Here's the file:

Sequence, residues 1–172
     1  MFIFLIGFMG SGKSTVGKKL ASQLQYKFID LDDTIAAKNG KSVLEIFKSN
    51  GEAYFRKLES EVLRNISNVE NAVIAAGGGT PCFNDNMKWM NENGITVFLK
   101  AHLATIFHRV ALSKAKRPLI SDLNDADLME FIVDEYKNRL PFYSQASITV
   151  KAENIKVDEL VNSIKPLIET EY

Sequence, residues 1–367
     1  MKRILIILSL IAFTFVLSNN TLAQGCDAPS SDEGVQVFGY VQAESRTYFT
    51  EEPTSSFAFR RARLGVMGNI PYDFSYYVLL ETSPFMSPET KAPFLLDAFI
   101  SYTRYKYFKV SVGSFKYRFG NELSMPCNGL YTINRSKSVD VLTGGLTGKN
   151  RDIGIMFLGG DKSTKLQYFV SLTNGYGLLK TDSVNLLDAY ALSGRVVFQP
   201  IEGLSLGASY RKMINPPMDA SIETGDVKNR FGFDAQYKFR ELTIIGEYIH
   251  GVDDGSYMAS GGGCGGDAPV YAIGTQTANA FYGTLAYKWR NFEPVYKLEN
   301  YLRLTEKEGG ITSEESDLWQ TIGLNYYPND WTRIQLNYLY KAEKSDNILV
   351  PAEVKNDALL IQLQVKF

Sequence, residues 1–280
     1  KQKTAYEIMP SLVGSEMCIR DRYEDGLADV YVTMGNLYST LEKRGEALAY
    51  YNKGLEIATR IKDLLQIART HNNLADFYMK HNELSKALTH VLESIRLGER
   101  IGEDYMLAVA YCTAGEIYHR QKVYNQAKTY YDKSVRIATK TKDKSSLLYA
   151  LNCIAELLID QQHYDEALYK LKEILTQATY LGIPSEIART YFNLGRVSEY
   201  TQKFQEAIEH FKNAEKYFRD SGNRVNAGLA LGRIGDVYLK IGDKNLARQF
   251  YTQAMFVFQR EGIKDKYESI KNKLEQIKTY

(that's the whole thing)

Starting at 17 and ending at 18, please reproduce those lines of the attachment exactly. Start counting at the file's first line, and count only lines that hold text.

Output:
    51  YNKGLEIATR IKDLLQIART HNNLADFYMK HNELSKALTH VLESIRLGER
   101  IGEDYMLAVA YCTAGEIYHR QKVYNQAKTY YDKSVRIATK TKDKSSLLYA